Guided access also does two other really great things. The first thing that it does is it turns off certain sensors. So, if you have applications that you want to turn off the entire screen, let's say it's a music app that reacts to the motion sensor and you want to turn off the screen to prevent users from doing other things with it, then you can tap on the touch, and you can see now the screen is grayed out. So, if I hit Resume... Let's do that. I'll hit Resume. And if I tap anywhere, which I'm doing on the screen right now, I'm tapping all over the screen and the button isn't being activated. So, that's how to turn the whole screen off. Tap three times, one, two, three and now add my passcode. Now I'm back in the system.

I'm going to turn Touch back on and that's simply by touching the On/Off button. By tapping the On/Off button, it'll turn back on, and I can also turn off the motion sensor. So, this would be an example, let's say, you have an application like an Etch a Sketch. It's a drawing application that erases itself, or plays something or does something with the motion sensor. You can turn that off as well. I'm not going to demonstrate it here, but you get the idea.

So, the third and final feature of Guided Access that everyone is excited about is the ability to turn off portions of the screen. How would you turn off portions of the screen? The way you do that is by drawing. So, in this Guided Access area, you draw where you want the screen to be turned off. So, I'll show you a couple of different shapes you can draw. So, I can draw a square. I can draw a circle, and I can draw a long rectangle. You can also, as you can see here, draw unusual shapes as well. So, I'm going to exit that.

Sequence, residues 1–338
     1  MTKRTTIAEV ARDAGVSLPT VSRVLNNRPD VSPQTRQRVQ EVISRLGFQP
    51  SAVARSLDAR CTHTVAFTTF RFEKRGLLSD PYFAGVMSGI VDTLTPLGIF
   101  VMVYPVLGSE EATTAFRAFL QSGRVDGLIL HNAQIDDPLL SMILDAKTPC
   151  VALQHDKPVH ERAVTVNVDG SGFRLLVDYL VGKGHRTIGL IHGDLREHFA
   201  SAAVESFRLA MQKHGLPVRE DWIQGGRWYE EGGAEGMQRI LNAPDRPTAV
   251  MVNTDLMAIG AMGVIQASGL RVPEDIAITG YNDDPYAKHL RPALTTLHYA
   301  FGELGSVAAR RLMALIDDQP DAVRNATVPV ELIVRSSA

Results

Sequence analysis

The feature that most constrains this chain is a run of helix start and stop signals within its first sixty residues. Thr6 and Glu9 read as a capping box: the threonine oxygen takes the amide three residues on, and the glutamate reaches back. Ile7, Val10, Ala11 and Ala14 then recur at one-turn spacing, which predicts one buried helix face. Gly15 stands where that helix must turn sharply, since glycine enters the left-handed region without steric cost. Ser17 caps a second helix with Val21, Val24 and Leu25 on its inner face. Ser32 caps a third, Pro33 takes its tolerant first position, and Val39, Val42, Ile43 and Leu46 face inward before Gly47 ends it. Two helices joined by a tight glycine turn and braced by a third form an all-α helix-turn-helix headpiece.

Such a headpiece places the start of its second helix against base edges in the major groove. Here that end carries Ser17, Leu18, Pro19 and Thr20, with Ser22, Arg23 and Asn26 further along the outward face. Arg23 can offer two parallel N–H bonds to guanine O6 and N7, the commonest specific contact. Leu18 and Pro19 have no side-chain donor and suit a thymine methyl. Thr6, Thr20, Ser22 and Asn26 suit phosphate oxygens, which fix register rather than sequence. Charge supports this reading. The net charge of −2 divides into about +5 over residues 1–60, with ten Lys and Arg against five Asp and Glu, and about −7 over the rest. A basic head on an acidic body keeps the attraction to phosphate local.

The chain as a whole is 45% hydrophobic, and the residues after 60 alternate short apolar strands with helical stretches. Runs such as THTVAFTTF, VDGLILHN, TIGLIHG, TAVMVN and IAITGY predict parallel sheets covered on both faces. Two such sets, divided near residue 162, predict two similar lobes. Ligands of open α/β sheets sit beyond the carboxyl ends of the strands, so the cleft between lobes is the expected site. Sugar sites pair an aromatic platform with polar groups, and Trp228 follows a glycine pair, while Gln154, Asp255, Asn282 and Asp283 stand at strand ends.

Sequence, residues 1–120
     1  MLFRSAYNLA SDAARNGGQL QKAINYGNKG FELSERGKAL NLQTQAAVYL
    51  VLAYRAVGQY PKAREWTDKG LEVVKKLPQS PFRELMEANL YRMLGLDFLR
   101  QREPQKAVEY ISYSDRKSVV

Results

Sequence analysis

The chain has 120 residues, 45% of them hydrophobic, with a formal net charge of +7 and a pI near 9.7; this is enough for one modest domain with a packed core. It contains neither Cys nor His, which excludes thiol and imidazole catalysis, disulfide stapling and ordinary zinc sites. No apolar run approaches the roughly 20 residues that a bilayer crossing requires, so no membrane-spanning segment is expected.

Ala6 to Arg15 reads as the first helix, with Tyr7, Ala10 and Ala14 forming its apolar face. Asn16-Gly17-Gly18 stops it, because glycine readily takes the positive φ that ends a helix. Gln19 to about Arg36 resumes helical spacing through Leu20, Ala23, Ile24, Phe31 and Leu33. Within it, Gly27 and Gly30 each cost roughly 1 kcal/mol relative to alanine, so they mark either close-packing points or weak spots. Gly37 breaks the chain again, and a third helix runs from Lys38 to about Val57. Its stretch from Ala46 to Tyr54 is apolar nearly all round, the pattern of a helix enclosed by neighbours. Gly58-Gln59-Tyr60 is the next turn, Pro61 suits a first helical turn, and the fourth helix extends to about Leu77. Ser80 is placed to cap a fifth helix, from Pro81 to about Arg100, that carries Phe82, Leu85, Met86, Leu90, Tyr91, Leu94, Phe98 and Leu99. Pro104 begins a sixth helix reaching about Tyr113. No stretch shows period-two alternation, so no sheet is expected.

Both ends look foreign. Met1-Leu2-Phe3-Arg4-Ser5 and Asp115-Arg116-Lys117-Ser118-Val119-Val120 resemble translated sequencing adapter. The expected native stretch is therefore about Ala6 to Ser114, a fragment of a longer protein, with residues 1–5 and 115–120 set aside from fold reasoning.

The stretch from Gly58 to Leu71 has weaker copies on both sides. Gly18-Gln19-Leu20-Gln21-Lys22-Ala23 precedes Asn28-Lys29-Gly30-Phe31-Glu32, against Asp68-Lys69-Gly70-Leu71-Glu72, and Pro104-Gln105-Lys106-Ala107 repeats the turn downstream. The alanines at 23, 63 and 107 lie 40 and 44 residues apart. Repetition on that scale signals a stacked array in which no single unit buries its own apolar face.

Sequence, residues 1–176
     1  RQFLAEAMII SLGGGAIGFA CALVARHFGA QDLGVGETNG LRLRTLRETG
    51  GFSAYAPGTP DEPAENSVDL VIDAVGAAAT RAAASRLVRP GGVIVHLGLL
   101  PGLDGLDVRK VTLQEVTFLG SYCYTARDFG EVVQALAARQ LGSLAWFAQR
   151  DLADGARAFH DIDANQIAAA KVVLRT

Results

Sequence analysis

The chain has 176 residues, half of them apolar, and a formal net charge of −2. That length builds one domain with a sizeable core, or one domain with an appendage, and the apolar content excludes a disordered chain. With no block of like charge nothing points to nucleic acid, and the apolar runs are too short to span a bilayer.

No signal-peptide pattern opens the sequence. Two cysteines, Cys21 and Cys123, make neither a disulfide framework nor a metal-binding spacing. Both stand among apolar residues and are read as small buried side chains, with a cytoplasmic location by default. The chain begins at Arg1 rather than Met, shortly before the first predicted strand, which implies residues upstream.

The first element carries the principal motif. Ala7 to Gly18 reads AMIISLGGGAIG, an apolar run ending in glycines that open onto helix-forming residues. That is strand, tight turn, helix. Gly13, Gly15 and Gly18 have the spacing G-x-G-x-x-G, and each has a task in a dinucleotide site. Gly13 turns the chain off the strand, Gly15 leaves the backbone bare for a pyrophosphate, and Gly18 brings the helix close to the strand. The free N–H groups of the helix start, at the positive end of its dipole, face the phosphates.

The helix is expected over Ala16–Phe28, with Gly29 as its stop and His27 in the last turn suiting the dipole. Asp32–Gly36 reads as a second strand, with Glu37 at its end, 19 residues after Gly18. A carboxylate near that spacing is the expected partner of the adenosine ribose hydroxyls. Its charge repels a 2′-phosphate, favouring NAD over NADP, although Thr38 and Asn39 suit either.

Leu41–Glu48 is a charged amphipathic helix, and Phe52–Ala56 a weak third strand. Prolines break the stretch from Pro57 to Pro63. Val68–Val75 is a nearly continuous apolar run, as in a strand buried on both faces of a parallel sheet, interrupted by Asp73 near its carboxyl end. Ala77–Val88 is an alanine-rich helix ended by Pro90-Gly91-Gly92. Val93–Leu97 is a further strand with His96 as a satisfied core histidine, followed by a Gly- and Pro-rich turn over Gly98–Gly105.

Let's say I was trying to draw around this area there. So you can see that sometimes it does unusual shapes, sometimes it doesn't, but let's say for the sake of this demonstration that I just want to turn off the Radical button. Let's say there were other buttons, as an example. So, I'm going to just draw myself a circle. Then, bring it, using my finger, I'll tap and slide it over. Then, I'm going to tap and hold on one of the handles and just draw this out to be a little bit bigger. I'm going to exit out of that small one. So, you can see here, I've only turn off a portion of the screen. Now, where this is really exciting is those little setup buttons in the corner, where those buttons that launch out other applications because they always want you to buy more stuff, you can turn all those off. What's very, very cool about Guided Access is this is saved on a per application basis, so you can go through and set these all up in advance, and then it's turned off, per application. So, these hot spots are per application. So, let me show you this. I'm going to hit Resume to activate the app, and you can now see that in that circle area, my app is deactivated and I'm going to touch it. I just touched it. You can't see me touching it, but I just touched it a couple of times and it does not trigger the Radical button. So those are the key features of Guided Access.